Barney Frank Legacy: Foreclosing on the American Dream

By John W. Lillpop

In a belated Thanksgiving blessing for the people of Massachusetts and the US House of Representatives, Barney Frank announced that he will not seek reelection in 2012, thus ending his personal assault on the American Dream.

Frank stated that his decision was based, in part, on redrawing of his congressional district. Thank God for redistricting—it worked to the benefit of the People, at least in this case!

Aside from his sordid private life, including work on behalf of a male prostitute that he had employed as a personal aide, Frank will be remembered for efforts to scuttle prudent underwriting standards for home ownership in order to allow people with insufficient income, employment history, credit history, and assets to purchase homes which they simply could not afford.

That advocacy, ostensibly on behalf of the “Little Guy,” was executed through Fannie Mae and Freddie Mac and was a major factor in the total collapse of the housing market.

Because of Frank and other bad actors, the collapse of housing effectively ended the American Dream for millions of “little guys” and others in what was once known as the great American middle class.

Frank’s decision to end his career was announced, in part, at the reference:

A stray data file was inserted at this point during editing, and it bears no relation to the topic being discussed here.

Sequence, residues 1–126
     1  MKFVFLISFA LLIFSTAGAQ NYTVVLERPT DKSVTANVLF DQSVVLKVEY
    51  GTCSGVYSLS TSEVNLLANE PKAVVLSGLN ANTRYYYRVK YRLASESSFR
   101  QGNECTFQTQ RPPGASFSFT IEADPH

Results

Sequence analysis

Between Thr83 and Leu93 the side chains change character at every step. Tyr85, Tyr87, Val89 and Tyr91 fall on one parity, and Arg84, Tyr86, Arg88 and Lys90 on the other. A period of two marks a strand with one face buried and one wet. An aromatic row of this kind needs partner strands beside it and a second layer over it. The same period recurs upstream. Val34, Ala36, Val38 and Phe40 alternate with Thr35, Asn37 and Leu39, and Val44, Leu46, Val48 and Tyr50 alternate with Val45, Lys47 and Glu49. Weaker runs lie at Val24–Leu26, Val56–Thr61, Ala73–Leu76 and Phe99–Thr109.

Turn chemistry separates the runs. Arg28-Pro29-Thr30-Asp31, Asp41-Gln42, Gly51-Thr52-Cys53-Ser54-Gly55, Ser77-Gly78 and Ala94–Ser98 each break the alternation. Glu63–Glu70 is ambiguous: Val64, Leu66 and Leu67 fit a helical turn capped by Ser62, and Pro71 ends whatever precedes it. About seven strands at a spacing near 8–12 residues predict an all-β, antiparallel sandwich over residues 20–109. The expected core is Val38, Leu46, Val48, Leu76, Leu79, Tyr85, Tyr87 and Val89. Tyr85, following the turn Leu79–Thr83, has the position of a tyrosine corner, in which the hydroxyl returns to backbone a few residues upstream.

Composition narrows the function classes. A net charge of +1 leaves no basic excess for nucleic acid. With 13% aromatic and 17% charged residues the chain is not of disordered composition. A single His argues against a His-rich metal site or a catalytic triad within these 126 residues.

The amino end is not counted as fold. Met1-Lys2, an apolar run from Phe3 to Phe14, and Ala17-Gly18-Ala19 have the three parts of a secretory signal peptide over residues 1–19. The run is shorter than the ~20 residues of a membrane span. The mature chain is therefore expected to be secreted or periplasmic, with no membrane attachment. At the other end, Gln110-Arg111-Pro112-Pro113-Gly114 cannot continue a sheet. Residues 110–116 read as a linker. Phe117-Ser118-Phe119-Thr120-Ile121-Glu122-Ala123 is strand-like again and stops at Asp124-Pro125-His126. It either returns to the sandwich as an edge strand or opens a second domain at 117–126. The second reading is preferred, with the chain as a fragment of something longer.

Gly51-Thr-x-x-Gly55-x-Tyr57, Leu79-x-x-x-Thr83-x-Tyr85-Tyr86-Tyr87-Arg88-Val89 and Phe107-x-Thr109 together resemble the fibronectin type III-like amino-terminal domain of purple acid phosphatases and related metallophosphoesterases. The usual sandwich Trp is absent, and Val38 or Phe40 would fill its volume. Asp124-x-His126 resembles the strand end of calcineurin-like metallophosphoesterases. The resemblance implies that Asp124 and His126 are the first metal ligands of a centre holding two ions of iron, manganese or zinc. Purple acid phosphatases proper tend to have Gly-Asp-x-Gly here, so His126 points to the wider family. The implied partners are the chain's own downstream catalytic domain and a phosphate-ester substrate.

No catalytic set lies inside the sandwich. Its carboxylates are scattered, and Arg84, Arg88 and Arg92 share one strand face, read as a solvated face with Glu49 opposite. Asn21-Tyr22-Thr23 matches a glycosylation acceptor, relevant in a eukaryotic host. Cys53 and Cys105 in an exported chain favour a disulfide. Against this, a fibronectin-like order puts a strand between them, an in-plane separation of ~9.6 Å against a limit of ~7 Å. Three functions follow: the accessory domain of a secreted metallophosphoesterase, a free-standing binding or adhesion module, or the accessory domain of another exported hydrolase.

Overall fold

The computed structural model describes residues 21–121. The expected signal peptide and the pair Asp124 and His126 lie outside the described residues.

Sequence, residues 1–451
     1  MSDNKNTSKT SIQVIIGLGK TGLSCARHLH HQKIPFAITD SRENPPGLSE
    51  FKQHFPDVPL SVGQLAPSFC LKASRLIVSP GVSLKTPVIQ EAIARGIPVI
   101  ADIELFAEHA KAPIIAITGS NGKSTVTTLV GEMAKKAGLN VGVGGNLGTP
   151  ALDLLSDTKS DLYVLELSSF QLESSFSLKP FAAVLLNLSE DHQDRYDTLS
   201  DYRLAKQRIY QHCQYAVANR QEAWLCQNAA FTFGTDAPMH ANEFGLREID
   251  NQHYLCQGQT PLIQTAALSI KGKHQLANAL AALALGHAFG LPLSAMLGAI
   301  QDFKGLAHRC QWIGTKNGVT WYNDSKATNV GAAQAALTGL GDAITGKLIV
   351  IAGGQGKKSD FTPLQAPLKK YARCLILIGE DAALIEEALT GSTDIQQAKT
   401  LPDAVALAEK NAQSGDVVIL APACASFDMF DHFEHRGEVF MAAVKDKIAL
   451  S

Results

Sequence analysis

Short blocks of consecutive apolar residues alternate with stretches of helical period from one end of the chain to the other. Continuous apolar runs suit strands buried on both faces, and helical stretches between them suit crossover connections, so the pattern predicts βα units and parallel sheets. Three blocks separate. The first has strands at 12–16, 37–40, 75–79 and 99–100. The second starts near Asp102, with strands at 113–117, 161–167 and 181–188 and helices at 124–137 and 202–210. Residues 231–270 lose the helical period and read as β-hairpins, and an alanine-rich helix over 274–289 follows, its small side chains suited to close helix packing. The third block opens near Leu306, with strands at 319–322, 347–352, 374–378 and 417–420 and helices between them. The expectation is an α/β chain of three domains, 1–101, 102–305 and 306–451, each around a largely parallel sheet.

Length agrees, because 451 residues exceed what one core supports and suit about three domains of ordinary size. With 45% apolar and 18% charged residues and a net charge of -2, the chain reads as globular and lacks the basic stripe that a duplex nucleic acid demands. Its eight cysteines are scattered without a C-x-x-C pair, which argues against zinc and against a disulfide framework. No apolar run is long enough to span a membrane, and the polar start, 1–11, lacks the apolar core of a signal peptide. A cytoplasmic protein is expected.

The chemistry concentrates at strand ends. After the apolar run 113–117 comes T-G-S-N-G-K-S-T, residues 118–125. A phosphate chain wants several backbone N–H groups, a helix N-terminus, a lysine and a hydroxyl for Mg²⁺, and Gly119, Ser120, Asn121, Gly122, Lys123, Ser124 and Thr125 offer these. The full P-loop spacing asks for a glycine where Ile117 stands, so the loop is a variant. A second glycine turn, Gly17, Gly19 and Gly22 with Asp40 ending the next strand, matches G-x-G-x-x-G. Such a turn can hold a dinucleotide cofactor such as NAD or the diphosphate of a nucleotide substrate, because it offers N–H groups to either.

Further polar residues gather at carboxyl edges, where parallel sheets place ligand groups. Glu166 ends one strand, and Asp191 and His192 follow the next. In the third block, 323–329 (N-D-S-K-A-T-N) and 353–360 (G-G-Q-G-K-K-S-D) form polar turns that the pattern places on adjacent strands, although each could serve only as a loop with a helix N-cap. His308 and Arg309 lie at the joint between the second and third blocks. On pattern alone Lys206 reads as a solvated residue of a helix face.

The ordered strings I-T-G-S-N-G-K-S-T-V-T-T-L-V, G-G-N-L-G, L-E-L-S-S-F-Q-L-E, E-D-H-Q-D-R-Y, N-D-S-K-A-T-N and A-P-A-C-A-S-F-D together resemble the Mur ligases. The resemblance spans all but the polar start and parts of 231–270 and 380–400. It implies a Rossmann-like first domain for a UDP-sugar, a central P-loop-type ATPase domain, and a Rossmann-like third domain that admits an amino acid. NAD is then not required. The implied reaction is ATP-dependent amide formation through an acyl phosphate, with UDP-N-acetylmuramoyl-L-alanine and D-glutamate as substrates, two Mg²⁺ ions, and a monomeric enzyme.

The 71-year-old Frank, among the most liberal representatives, will announce at a Bay State press conference Monday afternoon that he will not seek re-election in 2012 to the seat he has held since 1981, his office said.

The Boston Globe cited a source close to Frank as saying a big reason for his decision is the redrawing of his district, which will add more conservative voters and drop the heavily Democratic city of Bedford.

Frank is a ranking member of the powerful House Financial Services Committee and had served as its chairman until this year, when the Democrats lost their majority in the chamber.

He is best known for co-authoring the sweeping new regulations on Wall Street that passed Congress last year in response to the financial crisis that began in 2007.

More than two decades ago, Frank was reprimanded by the House for using his congressional status on behalf of a male prostitute whom he had employed as a personal aide, including seeking dismissal of 33 parking tickets.”
Barney Franks’ long overdue departure is to be placed in the ‘better late than never” file where it can be reviewed and celebrated with great joy for years to come!